After some ugly market data regarding single family and condo sales market in Massachusetts (Boston fared a little better price-wise than the state - for Q1 Boston condo sales data, see this post on the Boston condo market and this post on the Boston luxury condo market) in the first quarter of this year there is a bright spot in the market when it comes to multifamily sales.
Ian Murphy has an article in this week's edition of Banker & Tradesman explaining how the multi-family market in Massachusetts is "booming". From the article:
The one facet of the market that's rich with sales from reduced prices is multi-family homes, which can produce an instant cash flow for owner/occupants or investors. So while single-family homes and condos are still searching for buyers, multi-families are booming.
"The prices are obviously way down, which is creating the demand [for multi-family homes]," said Michael DiMella, managing partner at Charlesgate Realty in Boston. "It's driving people into the market, along with the low interest rates. It's giving people a very positive cash-flow investment, or a relatively inexpensive home. These people are looking at multi-families for the same price as a condo or single family elsewhere.
"I swear, we can't even hold them on the market when we bring them on," DiMella added.
[Note to self: don't ever say "I swear" to a reporter again!]
As you can see from this data below (as presented in the article), multifamily sales are way up - both 2 family and 3 family sales:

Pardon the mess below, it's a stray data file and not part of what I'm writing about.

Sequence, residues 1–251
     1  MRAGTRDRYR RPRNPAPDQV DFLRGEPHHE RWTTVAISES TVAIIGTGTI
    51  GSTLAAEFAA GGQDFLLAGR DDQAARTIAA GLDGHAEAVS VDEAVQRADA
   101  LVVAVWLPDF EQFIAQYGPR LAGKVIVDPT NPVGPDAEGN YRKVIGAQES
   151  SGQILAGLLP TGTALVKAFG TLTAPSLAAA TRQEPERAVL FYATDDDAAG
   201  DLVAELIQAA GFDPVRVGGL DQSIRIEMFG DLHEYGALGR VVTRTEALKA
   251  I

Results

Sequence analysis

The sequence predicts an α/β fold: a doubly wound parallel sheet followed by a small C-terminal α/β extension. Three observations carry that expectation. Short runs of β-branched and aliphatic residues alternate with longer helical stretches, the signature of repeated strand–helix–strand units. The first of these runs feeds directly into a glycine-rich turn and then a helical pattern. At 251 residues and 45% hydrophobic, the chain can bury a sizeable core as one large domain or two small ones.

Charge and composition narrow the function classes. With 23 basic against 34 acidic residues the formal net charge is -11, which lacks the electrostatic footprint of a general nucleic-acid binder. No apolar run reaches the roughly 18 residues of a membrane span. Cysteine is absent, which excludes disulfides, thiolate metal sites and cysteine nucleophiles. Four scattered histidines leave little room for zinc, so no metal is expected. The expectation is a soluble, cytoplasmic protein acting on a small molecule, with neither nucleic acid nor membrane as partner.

I don't need to repeat myself here with the same analysis that was in my quote above, but I will say this - many of the multifamily sales throughout the state are in areas of heavy foreclosure activity, so prices have been really hit hard and therefore attracting many buyers, both homeowners and investors. This is similar to what is occuring nationwide. In a sign the market is starting to come back to life, March pending sales are up 3.5% nationally from February and up 1.6% from a year ago, with about 50% of all sales coming from foreclosed and REO (bank-owned) homes. Similarly, multifamily home prices in Boston (and statewide) have fallen enough to push transaction volume way up.
The single family and condo market in the Boston area showed different results in Q1 (prices and transactions were down), partially because of tight inventory in the active (lower) price ranges in many towns and also because the homes in the upper price ranges are at a standstill - simply because credit is tighter and bargains are not as common without as many price declines in those price brackets. As the lower end of the market start to turn over, we should start to see more transactions in the higher end from move up buyers and also from an improving economy later in the year. Although - this may have to be accompanied by lower prices to create some more demand.
There's been a lot of conflicting economic and real estate data recently, and because much of the data lags what is actually happening right now, conflicting data usually signals changing market dynamics coming up. Could an economic recovery be in the cards this year with real estate following? We'll see.....
What are your thoughts? Comment below!